, Volume 47, Issue 11, pp 809–812 | Cite as

The bihemispheric posterior inferior cerebellar artery

  • Sean P. Cullen
  • Augustin Ozanne
  • Hortensia Alvarez
  • Pierre  LasjauniasEmail author
Diagnostic Neuroradiology


Rarely, a solitary posterior inferior cerebellar artery (PICA) will supply both cerebellar hemispheres. We report four cases of this variant. We present a retrospective review of clinical information and imaging of patients undergoing angiography at our institution to identify patients with a bihemispheric PICA. There were four patients: three males and one female. One patient presented with a ruptured arteriovenous malformation, and one with a ruptured aneurysm. Two patients had normal angiograms. The bihemispheric PICA was an incidental finding in all cases. The bihemispheric vessel arose from the dominant left vertebral artery, and the contralateral posterior inferior cerebellar artery was absent or hypoplastic. In all cases, contralateral cerebellar supply arose from a continuation of the ipsilateral PICA distal to the choroidal point and which crossed the midline dorsal to the vermis. We conclude that the PICA may supply both cerebellar hemispheres. This rare anatomic variant should be considered when evaluating patients with posterior fossa neurovascular disease.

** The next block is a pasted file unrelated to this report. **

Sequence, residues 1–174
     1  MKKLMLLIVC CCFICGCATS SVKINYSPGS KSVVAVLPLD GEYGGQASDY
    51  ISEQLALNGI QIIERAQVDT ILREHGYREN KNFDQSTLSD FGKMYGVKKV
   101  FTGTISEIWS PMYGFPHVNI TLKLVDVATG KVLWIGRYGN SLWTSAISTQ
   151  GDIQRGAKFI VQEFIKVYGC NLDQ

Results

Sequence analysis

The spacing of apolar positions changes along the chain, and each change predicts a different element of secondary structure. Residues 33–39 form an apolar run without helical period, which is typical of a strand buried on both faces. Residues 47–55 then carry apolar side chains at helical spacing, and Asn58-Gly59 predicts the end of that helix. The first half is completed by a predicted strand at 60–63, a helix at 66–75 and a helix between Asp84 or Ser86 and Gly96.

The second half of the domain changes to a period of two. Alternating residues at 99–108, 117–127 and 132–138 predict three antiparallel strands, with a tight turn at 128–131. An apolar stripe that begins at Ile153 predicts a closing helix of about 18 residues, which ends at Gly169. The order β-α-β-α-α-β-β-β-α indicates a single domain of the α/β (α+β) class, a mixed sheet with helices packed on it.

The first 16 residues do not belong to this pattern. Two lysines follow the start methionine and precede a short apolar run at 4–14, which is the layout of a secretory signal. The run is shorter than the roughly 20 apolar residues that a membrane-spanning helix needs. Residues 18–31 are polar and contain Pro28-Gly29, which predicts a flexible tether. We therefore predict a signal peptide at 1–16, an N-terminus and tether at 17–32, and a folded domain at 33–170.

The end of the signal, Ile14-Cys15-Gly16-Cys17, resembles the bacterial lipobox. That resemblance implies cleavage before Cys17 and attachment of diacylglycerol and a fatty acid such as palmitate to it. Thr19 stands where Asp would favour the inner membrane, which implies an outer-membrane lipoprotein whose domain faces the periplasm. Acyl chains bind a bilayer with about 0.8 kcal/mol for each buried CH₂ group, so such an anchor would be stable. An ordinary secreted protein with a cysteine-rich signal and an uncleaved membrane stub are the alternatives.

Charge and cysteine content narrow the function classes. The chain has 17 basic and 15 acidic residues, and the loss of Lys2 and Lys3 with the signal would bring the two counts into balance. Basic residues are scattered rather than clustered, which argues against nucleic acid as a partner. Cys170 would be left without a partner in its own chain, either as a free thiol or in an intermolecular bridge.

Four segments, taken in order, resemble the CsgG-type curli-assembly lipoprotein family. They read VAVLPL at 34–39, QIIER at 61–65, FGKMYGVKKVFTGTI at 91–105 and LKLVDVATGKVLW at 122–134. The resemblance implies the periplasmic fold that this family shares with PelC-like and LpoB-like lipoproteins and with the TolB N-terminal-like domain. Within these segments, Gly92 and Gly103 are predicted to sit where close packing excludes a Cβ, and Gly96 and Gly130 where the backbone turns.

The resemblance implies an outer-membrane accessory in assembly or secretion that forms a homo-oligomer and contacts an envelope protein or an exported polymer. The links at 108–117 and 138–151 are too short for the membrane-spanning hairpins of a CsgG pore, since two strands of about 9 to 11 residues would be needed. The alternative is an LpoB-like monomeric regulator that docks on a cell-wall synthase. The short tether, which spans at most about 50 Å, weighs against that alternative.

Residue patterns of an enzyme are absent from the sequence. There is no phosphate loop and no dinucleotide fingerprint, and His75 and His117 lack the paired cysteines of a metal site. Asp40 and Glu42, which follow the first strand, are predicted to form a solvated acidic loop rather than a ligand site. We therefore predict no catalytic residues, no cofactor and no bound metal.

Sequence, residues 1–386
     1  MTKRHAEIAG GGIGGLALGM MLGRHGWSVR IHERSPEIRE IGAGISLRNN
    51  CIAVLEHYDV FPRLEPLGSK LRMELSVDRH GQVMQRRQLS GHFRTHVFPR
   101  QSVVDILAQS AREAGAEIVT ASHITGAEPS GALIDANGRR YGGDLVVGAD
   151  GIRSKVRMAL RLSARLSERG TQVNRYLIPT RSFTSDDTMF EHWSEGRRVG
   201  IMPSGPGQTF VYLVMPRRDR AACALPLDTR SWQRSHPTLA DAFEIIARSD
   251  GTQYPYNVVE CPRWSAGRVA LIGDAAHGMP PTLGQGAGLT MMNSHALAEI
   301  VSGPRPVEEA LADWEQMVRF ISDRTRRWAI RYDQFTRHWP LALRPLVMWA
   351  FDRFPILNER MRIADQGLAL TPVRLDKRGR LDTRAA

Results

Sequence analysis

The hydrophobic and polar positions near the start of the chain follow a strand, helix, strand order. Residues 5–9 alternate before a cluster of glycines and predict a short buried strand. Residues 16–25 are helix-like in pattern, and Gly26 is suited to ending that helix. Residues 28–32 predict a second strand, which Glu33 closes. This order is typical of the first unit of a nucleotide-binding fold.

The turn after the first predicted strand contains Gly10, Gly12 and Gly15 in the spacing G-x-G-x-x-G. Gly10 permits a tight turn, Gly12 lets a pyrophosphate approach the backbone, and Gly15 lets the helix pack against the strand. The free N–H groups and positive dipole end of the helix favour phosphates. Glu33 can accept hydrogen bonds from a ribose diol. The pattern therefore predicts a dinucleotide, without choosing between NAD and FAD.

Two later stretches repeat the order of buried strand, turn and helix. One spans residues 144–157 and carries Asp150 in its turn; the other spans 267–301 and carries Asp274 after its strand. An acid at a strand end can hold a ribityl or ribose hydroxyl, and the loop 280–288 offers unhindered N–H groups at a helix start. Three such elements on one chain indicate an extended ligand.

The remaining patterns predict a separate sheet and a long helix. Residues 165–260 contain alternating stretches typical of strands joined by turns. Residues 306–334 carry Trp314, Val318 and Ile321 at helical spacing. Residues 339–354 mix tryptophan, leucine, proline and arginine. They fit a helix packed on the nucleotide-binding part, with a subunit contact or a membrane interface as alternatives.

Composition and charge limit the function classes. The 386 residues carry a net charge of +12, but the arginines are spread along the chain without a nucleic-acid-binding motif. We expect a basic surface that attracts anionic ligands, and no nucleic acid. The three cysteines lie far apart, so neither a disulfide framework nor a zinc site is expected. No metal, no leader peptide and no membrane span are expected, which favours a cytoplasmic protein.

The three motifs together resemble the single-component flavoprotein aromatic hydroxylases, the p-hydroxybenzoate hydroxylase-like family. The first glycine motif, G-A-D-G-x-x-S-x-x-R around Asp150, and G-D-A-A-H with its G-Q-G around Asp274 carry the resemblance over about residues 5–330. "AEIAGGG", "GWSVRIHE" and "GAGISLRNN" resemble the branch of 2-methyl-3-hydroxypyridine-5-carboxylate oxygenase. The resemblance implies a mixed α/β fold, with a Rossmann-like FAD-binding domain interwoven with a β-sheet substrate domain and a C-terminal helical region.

Anatomy Cerebral arteries Cerebellum PICA Stroke Variations 


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Copyright information

© Springer-Verlag 2005

Authors and Affiliations

  • Sean P. Cullen
    • 1
  • Augustin Ozanne
    • 2
  • Hortensia Alvarez
    • 2
  • Pierre  Lasjaunias
    • 2
    Email author
  1. 1.Department of Radiology and NeurosurgeryBrigham and Women’s Hospital and Children’s HospitalBostonUSA
  2. 2.Service de Neuroradiologie Diagnostic et Thérapeutique, Hopital de Bicêtre-Université Paris-sud OrsayLeclerc Le Kremlin Bicêtre France

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